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ROUGH CUT (NO REPORTER NARRATION)
STORY: The "pickled" shark and a cow and her calf cut in half; these are only two of some seventy works that have come together for the first major display of the 25-year-long career of British artist Damien Hirst.
Hirst has long avoided a retrospective, deeming it "more OAP" (Old Age Pensioner) than YBA (Young British Artists) and worrying that his life's work would "amount to nothing" once it went on display.
But Hirst finally accepted the idea and the exhibition is one of the highlights of the Cultural Olympiad which is based around this summer's Olympic Games in London.
A Turner Prize winner, Hirst is known for being the leading figure in the influential YBA movement.
The show itself focuses on some of Hirst's most important early works with a view to putting his later series into context.
Visitors will be familiar with installations such as cabinets filled with medicine and his "spin" and butterfly paintings. New to many will be "In and Out of Love", a room in which butterflies hatch, live and die as the public passes through.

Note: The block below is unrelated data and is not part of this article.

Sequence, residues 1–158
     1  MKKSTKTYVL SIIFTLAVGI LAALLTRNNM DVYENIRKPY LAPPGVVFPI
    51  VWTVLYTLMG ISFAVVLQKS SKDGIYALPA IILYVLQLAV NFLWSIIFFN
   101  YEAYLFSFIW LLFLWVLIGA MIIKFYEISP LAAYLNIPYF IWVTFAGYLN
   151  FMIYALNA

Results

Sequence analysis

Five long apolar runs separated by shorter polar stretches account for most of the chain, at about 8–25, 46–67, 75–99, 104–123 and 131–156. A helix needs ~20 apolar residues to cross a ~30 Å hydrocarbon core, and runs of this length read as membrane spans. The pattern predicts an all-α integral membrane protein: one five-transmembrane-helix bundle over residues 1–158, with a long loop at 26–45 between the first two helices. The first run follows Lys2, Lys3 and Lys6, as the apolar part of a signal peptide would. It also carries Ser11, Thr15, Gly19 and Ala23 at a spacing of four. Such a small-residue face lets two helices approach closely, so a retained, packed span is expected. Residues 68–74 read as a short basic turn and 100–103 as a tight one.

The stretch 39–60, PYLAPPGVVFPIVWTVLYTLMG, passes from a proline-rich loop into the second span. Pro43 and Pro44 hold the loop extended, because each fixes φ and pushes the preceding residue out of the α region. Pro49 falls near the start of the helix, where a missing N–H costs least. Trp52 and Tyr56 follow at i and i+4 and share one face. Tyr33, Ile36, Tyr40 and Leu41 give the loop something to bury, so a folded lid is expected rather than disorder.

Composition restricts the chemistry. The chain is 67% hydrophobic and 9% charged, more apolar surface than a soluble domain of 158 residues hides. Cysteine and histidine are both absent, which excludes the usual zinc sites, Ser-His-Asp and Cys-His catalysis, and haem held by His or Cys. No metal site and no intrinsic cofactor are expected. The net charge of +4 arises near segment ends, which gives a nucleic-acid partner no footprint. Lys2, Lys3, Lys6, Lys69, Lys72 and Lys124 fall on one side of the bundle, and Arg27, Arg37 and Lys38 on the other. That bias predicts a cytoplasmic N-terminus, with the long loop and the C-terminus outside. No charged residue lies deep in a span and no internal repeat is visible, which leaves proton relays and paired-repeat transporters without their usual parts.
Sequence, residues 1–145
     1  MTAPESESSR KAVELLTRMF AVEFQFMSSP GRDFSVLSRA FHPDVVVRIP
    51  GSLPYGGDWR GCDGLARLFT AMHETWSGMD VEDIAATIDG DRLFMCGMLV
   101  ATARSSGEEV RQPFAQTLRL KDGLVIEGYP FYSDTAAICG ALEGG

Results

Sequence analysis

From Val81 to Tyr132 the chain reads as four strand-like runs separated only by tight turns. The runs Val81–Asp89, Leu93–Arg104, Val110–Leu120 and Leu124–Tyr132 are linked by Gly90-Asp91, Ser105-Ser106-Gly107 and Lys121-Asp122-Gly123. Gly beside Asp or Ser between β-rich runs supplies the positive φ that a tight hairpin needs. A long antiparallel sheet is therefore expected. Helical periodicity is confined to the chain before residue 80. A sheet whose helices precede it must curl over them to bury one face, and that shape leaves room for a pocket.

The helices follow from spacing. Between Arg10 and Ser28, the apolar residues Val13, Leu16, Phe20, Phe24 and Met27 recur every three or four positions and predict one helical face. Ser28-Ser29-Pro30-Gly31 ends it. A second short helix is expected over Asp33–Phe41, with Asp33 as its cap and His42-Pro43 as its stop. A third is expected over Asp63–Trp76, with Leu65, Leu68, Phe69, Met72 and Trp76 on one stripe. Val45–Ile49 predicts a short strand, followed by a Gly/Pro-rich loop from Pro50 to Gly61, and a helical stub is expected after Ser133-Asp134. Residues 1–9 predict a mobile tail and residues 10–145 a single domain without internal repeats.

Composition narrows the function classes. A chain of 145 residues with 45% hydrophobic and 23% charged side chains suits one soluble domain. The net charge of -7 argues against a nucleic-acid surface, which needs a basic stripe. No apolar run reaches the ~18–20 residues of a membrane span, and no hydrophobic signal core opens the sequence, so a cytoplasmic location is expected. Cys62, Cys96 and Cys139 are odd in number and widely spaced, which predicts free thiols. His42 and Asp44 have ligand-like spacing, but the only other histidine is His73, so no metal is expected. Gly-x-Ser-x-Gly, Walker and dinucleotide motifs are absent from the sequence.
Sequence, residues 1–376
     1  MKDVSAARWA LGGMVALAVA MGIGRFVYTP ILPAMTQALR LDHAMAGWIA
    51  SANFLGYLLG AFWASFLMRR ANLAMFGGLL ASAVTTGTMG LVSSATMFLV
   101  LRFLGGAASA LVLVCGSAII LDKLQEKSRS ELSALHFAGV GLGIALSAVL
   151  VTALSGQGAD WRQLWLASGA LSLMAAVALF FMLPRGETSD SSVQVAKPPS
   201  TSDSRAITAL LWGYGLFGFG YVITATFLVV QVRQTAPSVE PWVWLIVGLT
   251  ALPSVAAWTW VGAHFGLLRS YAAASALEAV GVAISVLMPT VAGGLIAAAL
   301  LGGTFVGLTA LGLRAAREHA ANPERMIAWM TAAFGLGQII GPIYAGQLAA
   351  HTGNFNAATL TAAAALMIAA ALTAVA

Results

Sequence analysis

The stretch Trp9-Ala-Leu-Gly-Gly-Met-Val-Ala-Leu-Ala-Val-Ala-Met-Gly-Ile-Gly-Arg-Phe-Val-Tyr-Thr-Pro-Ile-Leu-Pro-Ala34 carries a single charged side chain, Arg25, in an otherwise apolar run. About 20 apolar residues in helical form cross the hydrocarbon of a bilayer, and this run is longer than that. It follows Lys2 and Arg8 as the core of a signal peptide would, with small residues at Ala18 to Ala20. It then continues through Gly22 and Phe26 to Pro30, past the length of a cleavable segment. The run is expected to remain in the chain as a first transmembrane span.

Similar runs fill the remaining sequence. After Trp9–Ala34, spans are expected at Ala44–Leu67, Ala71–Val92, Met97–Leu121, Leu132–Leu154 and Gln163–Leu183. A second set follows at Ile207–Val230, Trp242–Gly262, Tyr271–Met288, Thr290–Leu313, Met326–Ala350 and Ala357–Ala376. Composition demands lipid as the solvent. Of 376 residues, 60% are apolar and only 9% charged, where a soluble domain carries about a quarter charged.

Also on display are glass vitrines hosting maggots that develop into flies, and feed on the severed head of a cow, as well as cigarette butts in a giant ash-tray "Crematorium".
Towards the end of the exhibition viewers reach a gold wallpapered room dedicated to Hirst's record-breaking auction at Sotheby's in 2008 where he raised 111 million pounds ($177 million) from over 200 new works.
Called "Beautiful Inside My Head Forever", it was a groundbreaking event, conceived as a single work of art that bypassed the dealers -- and their hefty fees -- altogether.
Championed early on by collector Charles Saatchi, Bristol-born Hirst has come to embody the spirit of 1990s London where his works, often given intriguing titles, appealed to hedge fund managers and oligarchs as well as an art world clamoring for new ideas.
The staggering sums that some of his works achieve have also led to some accusing Hirst that the main drive behind his work now is to make money.
Hirst disagrees, but he does think money helps his cause in different way.
"You know I think money is an important key in the factor you know but I think, I use anything to get people's attention, and I think that money is something that does that as well. You know I think, I've learnt you have to respect money, cause it's you know, it's a big thing, and there's a lot of people who don't have it. But what I get is people say you know 'Your work is only about money' or 'your work is only about getting attention' and -- they're basically saying there's nothing beneath that you know what I mean?" he said.
Disregarding his own personal involvement in the physical creation process, Hirst says his main motivation for his art is to trigger a thinking process in people.
In order to achieve this, Hirst says he tries to put personal interests aside and concentrates on popular themes.
"Damien Hirst" runs from April 4 to September 9 and is sponsored by the Qatar Museums Authority.